Do you suffer from degenerative disc disease?
If you suffer from any of the following symptoms, you may be showing signs of degernative disc disease and an eligible recipient of the DISC procedure:
- Tenderness and pain in the lower back
- Numbness, weakness, or pain in the buttocks, hips, and/or back of the leg
- A feeling of sudden weakness or instability
- Pain with sitting
- Exacerbated pain with bending or twisting
- Pain relief when walking or changing positions
How can discs degenerate?
Intervertebral discs can deteriorate through normal aging and injury, causing dehydration, flattening, and loss of natural cushioning. Just like grapes lose water over time and turn into raisins, your intervertebral discs undergo a similar dehydration process. This process leaves your discs vulnerable to motion stress, strains your spinal nerves, and can result in lower back pain.
What is the DISC procedure?
The DISC procedure is intended for use as an allograft to supplement degenerated intervertebral discs. An allograft is tissue recovered from a human cadaveric donor that is transferred to a human recipient. The allograft tissue consists of dehydrated nucleus pulposus particulate, which is tissue that is taken from the inner core of the vertebral disc of the donor. The tissue is mixed with saline and delivered into your intervertebral disc during a non-surgical procedure. Biologics-based plasma may also be used. This plasma is created by taking a small amount of your own blood, processing it to concentrate the platelets, and then injecting this platelet-rich plasma back into your body.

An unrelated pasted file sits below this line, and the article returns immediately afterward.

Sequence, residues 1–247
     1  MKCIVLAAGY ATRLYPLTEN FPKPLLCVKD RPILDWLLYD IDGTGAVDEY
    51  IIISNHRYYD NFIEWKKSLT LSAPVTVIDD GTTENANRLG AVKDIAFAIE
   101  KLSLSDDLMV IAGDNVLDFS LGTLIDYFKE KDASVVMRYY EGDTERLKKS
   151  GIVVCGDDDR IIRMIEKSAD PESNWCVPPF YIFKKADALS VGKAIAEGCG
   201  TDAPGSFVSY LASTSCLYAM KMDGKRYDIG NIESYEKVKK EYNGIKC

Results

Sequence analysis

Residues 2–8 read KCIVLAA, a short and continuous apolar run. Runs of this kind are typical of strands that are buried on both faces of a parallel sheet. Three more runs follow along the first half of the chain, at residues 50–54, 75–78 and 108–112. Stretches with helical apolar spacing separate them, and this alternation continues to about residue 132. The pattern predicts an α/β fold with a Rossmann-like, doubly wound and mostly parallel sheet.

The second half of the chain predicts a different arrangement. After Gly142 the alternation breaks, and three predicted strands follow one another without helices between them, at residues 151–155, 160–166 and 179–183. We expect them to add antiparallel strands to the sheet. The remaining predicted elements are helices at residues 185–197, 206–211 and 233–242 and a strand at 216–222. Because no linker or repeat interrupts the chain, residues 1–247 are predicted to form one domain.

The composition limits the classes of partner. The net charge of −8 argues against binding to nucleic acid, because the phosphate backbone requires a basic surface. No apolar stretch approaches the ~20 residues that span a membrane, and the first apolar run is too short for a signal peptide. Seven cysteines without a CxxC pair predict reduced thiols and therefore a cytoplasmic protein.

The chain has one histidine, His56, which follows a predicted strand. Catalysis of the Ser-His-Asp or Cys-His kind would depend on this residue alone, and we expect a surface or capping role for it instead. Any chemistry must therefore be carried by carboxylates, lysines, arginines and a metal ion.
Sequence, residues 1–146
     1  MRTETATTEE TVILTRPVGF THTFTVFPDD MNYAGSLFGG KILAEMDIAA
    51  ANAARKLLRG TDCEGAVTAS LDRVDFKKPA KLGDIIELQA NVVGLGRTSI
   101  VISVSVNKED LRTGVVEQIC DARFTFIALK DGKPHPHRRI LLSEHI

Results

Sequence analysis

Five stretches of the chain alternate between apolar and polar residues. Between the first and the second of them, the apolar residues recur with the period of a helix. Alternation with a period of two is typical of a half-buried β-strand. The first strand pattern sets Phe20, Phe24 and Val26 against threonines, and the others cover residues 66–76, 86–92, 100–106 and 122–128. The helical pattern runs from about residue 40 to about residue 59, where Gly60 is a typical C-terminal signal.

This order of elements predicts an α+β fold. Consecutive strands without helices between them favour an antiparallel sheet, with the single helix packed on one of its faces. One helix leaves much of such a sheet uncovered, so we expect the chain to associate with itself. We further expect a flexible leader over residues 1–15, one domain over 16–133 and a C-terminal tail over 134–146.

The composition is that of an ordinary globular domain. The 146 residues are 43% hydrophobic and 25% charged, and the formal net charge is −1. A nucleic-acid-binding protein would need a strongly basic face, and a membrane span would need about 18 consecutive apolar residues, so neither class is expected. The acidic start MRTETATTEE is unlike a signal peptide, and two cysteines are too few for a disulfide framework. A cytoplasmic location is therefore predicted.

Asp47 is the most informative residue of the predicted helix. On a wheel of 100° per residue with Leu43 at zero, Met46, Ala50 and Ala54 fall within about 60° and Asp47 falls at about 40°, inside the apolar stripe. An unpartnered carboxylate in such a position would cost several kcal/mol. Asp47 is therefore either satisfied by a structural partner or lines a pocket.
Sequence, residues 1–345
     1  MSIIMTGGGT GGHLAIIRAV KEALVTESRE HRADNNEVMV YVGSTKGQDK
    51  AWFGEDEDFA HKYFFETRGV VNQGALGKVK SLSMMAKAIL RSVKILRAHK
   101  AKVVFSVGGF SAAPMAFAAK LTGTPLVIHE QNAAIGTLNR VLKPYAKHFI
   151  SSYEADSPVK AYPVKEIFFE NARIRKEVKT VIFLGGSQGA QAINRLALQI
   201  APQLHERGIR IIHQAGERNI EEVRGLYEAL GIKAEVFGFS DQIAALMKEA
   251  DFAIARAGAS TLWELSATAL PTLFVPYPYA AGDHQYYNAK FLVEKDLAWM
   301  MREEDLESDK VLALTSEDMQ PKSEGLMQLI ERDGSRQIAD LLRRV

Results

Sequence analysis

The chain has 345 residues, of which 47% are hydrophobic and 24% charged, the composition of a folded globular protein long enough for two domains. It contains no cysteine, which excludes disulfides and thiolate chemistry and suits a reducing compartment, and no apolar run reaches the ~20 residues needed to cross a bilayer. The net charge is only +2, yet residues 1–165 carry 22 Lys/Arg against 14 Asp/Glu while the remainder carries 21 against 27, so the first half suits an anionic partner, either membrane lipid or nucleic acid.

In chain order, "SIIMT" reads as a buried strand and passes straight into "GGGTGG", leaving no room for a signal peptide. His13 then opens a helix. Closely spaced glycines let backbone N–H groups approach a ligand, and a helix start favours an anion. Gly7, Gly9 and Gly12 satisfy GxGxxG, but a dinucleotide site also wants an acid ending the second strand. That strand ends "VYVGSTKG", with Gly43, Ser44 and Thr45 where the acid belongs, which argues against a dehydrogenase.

How is the DISC procedure performed?
The DISC procedure can be performed under local anesthesia, or moderate sedation may be recommended by your physician. During the procedure, your physician will use fluoroscopy (a continuous live X-ray imaging to guide the tip of the needle during treatment) to insert a needle through the skin and muscle into the center of the intervertebral disc. The donor tissue or biologics-based plasma will slowly be delivered into the center of the intervertebral disc. Your provider will determine which method is best suited for your unique needs.
What to expect after the procedure
You may experience pain and soreness after the procedure, which is normal. This pain may be due to increased pressure within your intervertebral disc. You may be instructed to keep your activity to the normal activities of daily life and limit physical or strenuous activity for 72 hours post-procedure.
Your physician may prescribe certain pain medications (e.g. analgesics, steroid dose pack, muscle relaxants). You may experience moderate to severe pain after an injection into an intervertebral disc, and oral medications may be needed promptly to treat this post injection pain and discomfort. An ice pack may be given to place over the injection site in the event of post-injection site discomfort. Your physician may suggest a back brace or recommend physical therapy to make you feel more comfortable following your procedure.
A follow-up appointment will typically be scheduled two to four weeks after the procedure to monitor your pain and comfort. Additional follow-up appointments may be scheduled at the discretion of your physician to assess your condition.